Backyard Buddies

Photo: CSIRO


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As the weather warms up in spring and summer, termites commence their social swarming.

In order to create social swarms, the colony emerges from being underground after at least three years. Flying termites are at their reproductive stage and are short lived.

A swarm can be quite a sight, one minute it's clear outside and the next you may think that a part of the sky has greyed as the sheer mass of a swarm can be truly spectacular.

Termites swarm in order to start new colonies. Colonies send off large numbers of winged reproductive termites called 'swarmers.'

A swarm is recognisable by the sudden appearance of hundreds to thousands of these swarmers, usually seen at dusk. This swarm strategy means that there are more termites than predators can cope with, guaranteeing some termites survive.

The swarm often lasts just a few minutes, as swarmers fly a short distance, then fall to the ground and lose their wings. Most swarmers die within a day or so of the swarm.

Termites are great weather metres, sensing changes in air pressure associated with changing weather conditions. A combination of several successive days of above average temperatures followed by light rain triggers swarming. Swarms activity varies geographically occurring most often in spring.

Termites are social insects with different members of the same species having different roles. There are soldiers and workers, queens and kings, each with a special function in the colony.

Winged termites found new colonies - any member of the swarm is a potential king or queen and for these otherwise social workers, it's each termite for itself. The future pairs look for damp, rotting wood so most houses are not at risk. It is rare for pairs to survive, but those that do may live for more than seventeen years.

Termites are important in nutrient recycling, habitat creation, soil formation and quality and swarmers are a great source of food for countless predators. Termites assist our soils in their ability to store water. Termites are great buddies for our country but are not such welcome guests in our backyards.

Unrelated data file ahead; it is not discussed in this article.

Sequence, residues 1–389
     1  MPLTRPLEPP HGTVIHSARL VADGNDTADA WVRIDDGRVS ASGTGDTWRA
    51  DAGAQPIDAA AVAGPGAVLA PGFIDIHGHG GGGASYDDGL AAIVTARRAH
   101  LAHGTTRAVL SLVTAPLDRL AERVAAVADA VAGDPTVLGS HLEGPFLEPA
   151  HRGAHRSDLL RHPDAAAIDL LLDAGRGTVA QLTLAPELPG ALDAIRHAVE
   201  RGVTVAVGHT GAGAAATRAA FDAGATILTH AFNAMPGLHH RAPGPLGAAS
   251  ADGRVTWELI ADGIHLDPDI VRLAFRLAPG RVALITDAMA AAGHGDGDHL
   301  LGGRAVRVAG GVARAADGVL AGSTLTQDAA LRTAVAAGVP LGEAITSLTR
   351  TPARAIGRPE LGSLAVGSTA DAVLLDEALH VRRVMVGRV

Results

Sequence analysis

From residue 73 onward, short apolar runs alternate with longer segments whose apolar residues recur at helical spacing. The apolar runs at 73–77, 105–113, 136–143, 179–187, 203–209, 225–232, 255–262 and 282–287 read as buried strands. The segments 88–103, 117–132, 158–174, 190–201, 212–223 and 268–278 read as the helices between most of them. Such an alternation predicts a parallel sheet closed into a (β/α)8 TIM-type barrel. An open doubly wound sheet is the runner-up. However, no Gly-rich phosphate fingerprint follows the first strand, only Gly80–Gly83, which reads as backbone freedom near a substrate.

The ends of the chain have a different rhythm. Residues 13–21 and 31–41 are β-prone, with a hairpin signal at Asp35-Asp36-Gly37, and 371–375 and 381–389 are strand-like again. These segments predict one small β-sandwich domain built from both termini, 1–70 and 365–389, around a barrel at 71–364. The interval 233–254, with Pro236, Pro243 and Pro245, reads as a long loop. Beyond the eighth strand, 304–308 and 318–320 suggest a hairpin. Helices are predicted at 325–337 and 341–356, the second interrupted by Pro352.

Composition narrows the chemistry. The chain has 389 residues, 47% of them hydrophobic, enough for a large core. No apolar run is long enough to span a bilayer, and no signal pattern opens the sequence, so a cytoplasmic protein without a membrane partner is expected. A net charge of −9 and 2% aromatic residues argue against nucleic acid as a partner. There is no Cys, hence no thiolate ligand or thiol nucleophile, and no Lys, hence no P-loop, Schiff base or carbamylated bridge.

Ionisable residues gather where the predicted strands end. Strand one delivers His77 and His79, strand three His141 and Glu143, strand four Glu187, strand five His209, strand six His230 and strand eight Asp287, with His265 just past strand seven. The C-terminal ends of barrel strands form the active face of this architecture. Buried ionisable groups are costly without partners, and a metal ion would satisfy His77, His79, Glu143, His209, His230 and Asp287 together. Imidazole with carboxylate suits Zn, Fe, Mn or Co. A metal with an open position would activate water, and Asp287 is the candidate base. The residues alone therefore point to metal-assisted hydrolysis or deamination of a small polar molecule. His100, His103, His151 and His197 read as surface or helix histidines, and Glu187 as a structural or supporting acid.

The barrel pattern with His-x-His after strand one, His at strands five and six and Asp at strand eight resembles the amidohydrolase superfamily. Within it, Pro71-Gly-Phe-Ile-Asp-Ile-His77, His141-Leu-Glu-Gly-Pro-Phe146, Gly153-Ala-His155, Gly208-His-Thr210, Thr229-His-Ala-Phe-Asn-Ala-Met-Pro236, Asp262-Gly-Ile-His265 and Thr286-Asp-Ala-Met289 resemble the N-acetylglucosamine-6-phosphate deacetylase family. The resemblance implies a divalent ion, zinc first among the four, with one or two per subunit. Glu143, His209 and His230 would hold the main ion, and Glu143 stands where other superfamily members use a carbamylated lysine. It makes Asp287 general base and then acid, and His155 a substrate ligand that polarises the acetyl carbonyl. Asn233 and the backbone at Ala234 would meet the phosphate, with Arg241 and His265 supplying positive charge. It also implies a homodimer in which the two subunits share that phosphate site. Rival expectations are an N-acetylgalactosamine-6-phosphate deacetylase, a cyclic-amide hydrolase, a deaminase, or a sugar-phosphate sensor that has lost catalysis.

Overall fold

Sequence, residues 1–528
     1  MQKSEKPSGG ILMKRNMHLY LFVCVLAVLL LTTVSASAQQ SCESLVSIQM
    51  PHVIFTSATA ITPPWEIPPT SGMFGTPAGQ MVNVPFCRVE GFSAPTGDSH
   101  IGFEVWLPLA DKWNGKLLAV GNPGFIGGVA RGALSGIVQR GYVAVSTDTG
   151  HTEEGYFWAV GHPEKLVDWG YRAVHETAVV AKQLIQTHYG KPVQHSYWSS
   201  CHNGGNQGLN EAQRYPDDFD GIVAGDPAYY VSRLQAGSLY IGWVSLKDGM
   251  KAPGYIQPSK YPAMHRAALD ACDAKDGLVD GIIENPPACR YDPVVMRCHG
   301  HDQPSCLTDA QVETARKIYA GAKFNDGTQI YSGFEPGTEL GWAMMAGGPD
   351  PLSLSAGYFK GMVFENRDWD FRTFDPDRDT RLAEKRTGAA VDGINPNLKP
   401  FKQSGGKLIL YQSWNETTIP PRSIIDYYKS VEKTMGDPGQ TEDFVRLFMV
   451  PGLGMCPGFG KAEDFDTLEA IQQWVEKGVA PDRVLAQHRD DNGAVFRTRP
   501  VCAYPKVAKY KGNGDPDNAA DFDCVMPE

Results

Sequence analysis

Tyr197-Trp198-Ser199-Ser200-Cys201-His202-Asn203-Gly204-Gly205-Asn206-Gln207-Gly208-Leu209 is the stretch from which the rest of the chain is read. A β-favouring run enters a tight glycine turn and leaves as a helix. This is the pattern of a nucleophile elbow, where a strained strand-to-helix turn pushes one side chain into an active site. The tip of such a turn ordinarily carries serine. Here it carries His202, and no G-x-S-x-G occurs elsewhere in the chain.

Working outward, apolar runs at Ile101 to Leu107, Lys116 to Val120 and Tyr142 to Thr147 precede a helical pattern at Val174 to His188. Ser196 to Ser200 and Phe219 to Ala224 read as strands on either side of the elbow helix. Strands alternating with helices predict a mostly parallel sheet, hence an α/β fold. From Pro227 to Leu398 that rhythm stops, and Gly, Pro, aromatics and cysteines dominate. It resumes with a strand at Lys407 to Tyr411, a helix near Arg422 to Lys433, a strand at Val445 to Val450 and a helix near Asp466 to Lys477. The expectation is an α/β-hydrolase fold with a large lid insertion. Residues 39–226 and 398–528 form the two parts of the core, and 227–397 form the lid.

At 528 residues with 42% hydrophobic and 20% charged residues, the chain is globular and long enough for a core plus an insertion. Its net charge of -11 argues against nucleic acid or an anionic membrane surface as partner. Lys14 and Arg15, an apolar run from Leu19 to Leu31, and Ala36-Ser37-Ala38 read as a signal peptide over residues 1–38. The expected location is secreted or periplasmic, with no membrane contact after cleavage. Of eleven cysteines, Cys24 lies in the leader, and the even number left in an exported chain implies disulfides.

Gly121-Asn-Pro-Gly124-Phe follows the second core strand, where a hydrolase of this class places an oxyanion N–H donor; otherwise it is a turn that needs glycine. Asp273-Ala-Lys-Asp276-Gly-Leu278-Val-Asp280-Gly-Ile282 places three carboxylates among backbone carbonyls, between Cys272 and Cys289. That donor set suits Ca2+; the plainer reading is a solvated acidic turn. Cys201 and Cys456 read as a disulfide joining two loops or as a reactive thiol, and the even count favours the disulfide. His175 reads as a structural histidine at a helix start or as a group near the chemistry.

Termite Prevention:

How to tell a termite from an ant:



Did you know?

Termites have been used to find minerals such as diamonds and gold. And, around the world, lots of people eat termites. Winged termites are apparently very nutritious.

Amazing Beasties

By Ranger Clare Pearce, Community Education Officer and Katherine Region Junior Ranger Coordinator, Parks and Wildlife Commission of the N.T. 

These primitive insects are closely related to cockroaches not ants. They are a very important part of our Australian environment and are great at recycling plant material back into the soil.

Termites are sometimes seen as a pest, but of the perhaps 300 different Australian species of termite, only a few will damage our homes and gardens. Mostly termites go about their business in the bush around us, creating new soil by feeding on grass, wood or rotting organic matter.

Termites are fragile insects. They dry out quickly in the open air and need to protect themselves against the harsh climate. The mounds that termite colonies build protect them from the weather and are different depending on the different species of termite.

Termites live in colonies that are made up of different types or castes of termites, each with a different job to do. Small pale termites with no wings are worker termites and are the most common. Solider termites protect the nest and are equipped with large jaws or strange looking heads that squirt chemicals at invaders.

Sometimes, at the right time of year, there are also winged termites or alates. These are the only termites that are both male and female and able to reproduce, or have babies. When the weather is warm and the air is humid the alates will fly out from the colony to find mates.

Some colonies will build strange skinny towers called flight towers. These are used by the alates as a launching pad and colonies build them if weather conditions are nearing perfect for termite travel.

Flights of alates will normally happen all at the same time. Most of these will die, becoming food for hungry predators or drying out if they spend too long out in the open; some however are able to mate. These then lose their wings and go on to construct new colonies.

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Photo: OEH